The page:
It may be difficult for some of my readers to believe, but I’m an introvert. Unless I am around someone I know with whom I can say anything without worry of lack-of-filter, it takes a great deal of focus and energy to don my extrovert mask. Maybe not to don it so much, but certainly to maintain it in its place.
Whether the group of people I am amid counts 12 or 120, I don’t tend to be comfortable with most of them. Again, I can don the mask and be “Chatty Cathy” but it comes as a cost to me mentally and physically.
I’ve never liked being the center of attention. I remember a surprise birthday party thrown for me some years ago by a group of my gal pals. I remember requesting that the 4 of us just get together for lunch and to go see a movie. And I remember walking into the party, hearing shouts of “surprise” and turning right back around and walking back out the door as tears ran down my cheeks. I did manage to pull myself together enough to re-enter, but I was SO GLAD when it was over! It was a decade birthday, and I love my gal pals for diligently pulling off the event, but I was so uncomfortable being there that I went home afterwards and cried myself to sleep.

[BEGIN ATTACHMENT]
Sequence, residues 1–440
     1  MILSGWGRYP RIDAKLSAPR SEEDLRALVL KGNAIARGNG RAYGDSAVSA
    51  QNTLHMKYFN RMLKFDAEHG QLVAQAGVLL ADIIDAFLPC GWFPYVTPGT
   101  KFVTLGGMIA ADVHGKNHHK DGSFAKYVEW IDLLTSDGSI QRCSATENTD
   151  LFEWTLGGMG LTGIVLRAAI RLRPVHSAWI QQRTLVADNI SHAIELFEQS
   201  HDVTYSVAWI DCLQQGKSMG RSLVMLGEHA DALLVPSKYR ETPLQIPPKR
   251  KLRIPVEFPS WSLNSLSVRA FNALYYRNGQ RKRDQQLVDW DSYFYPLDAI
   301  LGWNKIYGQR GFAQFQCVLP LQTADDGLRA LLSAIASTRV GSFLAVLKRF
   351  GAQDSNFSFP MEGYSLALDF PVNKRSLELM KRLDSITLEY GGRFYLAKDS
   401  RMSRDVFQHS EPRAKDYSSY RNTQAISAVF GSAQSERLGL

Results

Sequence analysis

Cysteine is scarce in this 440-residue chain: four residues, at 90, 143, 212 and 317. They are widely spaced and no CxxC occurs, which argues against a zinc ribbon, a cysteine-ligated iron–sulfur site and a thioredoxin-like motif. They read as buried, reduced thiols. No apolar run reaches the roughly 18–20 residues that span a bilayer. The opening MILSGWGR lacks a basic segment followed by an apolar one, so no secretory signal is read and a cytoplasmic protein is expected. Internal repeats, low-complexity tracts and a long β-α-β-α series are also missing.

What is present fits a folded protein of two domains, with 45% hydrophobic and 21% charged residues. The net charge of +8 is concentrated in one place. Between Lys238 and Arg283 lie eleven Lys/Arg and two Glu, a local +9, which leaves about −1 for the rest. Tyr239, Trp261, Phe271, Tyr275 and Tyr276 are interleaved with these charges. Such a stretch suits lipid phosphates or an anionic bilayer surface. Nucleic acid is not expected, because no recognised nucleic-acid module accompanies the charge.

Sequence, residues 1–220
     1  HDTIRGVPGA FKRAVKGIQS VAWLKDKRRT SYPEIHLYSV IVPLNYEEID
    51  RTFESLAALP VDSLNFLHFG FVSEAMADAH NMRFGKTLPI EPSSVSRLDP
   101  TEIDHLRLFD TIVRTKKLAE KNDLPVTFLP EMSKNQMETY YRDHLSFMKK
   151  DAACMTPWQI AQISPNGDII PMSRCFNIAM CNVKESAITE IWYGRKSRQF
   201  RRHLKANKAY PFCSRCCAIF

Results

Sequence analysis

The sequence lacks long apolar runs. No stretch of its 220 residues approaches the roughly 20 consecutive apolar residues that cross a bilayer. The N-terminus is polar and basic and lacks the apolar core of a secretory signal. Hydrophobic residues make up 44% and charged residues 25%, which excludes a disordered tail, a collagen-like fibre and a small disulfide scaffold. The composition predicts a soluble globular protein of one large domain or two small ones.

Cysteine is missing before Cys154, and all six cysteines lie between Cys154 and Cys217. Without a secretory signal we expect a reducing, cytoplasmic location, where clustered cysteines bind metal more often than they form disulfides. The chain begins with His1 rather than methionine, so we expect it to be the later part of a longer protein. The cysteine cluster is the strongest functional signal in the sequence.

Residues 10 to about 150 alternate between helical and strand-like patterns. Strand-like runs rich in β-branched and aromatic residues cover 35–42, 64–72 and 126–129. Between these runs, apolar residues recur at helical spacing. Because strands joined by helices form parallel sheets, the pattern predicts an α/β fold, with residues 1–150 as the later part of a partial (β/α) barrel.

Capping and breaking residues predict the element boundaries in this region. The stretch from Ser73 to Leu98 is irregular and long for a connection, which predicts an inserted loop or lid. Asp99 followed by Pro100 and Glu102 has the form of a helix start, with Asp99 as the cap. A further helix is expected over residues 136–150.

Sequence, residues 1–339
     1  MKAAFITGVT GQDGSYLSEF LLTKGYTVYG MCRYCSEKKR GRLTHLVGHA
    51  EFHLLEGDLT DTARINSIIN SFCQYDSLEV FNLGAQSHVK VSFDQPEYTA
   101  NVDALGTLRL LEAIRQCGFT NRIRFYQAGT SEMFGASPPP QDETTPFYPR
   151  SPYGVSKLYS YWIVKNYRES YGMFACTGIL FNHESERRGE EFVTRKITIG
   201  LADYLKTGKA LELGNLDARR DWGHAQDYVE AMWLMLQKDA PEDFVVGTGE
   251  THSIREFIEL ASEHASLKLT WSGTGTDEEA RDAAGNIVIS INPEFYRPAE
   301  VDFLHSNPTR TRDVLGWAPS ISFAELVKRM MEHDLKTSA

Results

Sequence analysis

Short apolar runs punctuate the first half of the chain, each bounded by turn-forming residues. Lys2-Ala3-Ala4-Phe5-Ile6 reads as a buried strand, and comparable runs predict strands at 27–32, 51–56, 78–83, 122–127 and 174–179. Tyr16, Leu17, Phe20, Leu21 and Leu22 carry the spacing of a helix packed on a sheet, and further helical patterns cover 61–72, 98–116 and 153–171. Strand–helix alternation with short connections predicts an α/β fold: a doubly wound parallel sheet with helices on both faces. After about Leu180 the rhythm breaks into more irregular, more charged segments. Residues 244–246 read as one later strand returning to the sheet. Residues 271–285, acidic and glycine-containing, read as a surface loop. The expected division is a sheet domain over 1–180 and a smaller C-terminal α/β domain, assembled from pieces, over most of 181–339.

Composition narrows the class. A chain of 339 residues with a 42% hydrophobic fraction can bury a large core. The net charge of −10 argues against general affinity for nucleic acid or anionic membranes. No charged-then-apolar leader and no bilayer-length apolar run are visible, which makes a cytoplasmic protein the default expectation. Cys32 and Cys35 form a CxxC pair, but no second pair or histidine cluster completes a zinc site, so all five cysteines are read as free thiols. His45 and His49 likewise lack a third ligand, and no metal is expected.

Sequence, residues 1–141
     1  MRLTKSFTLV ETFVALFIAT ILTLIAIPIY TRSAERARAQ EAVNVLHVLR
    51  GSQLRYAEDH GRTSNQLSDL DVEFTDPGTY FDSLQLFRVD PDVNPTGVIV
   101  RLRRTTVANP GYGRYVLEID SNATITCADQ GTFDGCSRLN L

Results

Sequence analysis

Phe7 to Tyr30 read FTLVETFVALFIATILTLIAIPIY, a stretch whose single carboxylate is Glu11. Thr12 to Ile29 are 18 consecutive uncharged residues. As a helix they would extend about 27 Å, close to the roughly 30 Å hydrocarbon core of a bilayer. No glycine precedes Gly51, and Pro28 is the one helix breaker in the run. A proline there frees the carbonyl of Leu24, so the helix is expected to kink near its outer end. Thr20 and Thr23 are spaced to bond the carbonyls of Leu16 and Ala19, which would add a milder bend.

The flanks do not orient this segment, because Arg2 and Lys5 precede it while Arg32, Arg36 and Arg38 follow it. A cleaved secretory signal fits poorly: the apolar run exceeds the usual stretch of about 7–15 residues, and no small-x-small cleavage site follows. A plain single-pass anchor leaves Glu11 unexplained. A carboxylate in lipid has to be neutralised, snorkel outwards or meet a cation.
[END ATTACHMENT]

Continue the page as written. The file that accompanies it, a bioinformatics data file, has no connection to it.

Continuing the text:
Lately, as I’ve started spending time in the streams of my Mixer family, I’ve discovered just how difficult it is for me to be the center of attention. I mean, I enjoy chatting with others, but when the chat becomes focused on me, I feel totally inept and awkward. The focus is always positive – don’t get me wrong there – but I don’t see myself as more special than anyone else who is there!